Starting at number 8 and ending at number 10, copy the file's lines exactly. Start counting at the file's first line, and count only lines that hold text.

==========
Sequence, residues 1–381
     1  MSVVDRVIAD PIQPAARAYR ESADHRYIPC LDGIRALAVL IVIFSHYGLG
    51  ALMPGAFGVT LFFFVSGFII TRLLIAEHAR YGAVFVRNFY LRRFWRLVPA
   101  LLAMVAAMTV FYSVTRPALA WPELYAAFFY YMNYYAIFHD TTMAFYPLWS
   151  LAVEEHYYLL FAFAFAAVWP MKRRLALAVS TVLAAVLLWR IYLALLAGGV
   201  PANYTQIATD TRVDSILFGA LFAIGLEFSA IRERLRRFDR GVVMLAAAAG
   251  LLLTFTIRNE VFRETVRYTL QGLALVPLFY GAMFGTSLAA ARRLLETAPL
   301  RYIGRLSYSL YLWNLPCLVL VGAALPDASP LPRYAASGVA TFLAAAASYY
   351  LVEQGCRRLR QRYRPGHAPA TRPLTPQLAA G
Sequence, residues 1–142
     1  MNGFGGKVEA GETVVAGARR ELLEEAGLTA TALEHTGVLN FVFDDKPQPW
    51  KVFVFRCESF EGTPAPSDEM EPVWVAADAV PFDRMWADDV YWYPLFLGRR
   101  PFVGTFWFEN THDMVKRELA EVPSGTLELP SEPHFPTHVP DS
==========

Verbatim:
   301  RYIGRLSYSL YLWNLPCLVL VGAALPDASP LPRYAASGVA TFLAAAASYY
   351  LVEQGCRRLR QRYRPGHAPA TRPLTPQLAA G
Sequence, residues 1–142